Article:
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Untitled Document

Introduction

The paradox of progress

Due to progress in science and technology - and the increasingly stringent legislation that has resulted – today's agri-foodstuffs sector must respect ever stricter standards and increasingly rigorous quality control and monitoring procedures. Yet paradoxically, over the past decade there has also been an increasing number of food alerts – BSE, dioxin, listeria, salmonella – creating a genuine crisis of confidence among consumers. Research on food safety and quality must therefore be a priority.

From the farm to the fork

Since the devastation caused by the bovine spongiform encephalitis crisis, the Union has, so to speak, 'taken the bull by the horns' in carrying out a thorough review and draconian restructuring of its political responsibilities in the area of food safety. Research on this subject under the Sixth Framework Programme will be in line with this goal.

Objectives

  • To establish the integrated scientific and technological bases needed to develop an environmentally friendly production and distribution chain of safer, healthier and more varied food including crops, meat and sea food.
  • To improve understanding of the link between food and health.
  • To control food-related risks, relying in particular on biotechnology tools and the results of post-genomic research.
  • To control health risks associated with environ-mental changes.

Support for Research

Community action will cover research in the following fields:

  • Production methods and processes (including knowledge of biotechnolgies) for foodstuffs and animal feed which are safer, healthier, more nutritional, functional and varied, and environmentally friendly, based on systems such as integrated production, lower input farming and organic farming.
  • The epidemiology of food-related diseases and allergies, including methods of analysis of food-related allergies, in particular the impact of diet on children's health;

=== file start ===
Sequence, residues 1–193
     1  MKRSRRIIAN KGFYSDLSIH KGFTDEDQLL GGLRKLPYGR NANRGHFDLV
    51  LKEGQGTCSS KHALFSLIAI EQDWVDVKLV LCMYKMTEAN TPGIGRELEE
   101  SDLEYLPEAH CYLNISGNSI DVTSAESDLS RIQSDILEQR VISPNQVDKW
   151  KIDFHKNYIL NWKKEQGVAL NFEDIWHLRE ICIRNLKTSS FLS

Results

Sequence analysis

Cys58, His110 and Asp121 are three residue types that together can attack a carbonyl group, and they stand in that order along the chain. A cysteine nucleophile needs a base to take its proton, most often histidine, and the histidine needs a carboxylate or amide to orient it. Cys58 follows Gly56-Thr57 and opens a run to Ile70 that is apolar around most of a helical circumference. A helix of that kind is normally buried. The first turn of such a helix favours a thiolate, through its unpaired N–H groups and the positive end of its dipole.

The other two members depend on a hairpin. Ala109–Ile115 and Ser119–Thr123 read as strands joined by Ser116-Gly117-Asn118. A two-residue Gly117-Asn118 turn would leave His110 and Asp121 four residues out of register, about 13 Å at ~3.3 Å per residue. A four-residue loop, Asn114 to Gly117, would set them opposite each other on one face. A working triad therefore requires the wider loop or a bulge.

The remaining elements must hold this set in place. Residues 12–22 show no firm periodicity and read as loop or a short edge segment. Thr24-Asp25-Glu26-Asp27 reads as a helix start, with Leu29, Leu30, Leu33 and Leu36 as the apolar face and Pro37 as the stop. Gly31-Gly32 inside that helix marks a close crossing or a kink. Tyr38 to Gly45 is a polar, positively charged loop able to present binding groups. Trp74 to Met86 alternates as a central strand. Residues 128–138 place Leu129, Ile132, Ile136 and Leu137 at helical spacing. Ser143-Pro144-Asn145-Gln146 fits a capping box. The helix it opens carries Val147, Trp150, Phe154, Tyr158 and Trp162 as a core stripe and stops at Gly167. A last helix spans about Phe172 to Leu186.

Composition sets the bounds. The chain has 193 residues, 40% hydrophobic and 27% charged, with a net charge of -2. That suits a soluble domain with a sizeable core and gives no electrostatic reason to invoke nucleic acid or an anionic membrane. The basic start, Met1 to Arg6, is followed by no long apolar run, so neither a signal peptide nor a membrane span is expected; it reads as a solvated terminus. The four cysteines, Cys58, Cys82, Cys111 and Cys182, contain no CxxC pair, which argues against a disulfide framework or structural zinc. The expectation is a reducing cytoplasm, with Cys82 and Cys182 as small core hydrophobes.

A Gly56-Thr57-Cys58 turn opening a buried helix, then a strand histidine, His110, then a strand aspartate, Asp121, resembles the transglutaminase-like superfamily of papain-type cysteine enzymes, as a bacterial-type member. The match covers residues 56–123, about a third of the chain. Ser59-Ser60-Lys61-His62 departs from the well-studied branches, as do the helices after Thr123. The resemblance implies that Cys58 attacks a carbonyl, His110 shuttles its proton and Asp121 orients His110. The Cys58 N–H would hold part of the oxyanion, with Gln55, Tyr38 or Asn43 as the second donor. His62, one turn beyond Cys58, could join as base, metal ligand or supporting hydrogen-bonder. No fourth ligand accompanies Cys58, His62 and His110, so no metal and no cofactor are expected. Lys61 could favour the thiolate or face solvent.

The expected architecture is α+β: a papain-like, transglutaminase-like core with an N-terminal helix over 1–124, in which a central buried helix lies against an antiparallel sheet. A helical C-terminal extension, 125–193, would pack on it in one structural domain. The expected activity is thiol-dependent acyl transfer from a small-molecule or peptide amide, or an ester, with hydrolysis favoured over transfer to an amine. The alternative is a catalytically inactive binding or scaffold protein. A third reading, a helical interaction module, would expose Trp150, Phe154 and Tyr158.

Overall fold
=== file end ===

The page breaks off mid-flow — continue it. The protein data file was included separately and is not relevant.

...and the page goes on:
• The impact on health of new and/or functional foods, products resulting from organic farming, foods containing genetically modified organisms, and those arising from recent biotechnology developments.
  • 'Traceability' processes throughout the production chain, relating in particular to GMOs and similar products.
  • Methods of analysis, detection and control of chemical contaminants and existing or emerging pathogenic micro-organisms (such as viruses, bacteria, yeasts, fungi, parasites, and new agents of the prion type, including the development of ante-mortem diagnostic tests for BSE and scrapie).
  • The impact on human health of animal feed, in particular products containing GMOs, and the use of sub-products of various origin.
  • Environmental health risks (chemical, biological and physical) linked to the food chain (including the cumulative risks of authorised substances, transmission routes to human beings, long-term effects and exposure to small doses, impact on particularly vulnerable groups, especially children), the impact of local ecological disasters and of pollution on food safety.

To find out more European White Paper on Food Safety http://ec.europa.eu/dgs/ health_consumer/library/pub/ pub06_en.pdf

Dossier on food safety at the Europa Research website http://ec.europa.eu/research/ briefings/foodsafety_en.html

Site of the European Food Safety Authority: http://www.efsa.europa.eu

Site of the pan-European conference on food safety and quality (organised by the FAO and WHO and held in Budapest in February 2002) http://www.foodsafetyforum.org/ paneuropean/index_en.htm

Site of the European ENTRANSFOOD network on GMOs http://www.entransfood.nl/

Budget

€ 685 million

Untitled Document

Introduction

The paradox of progress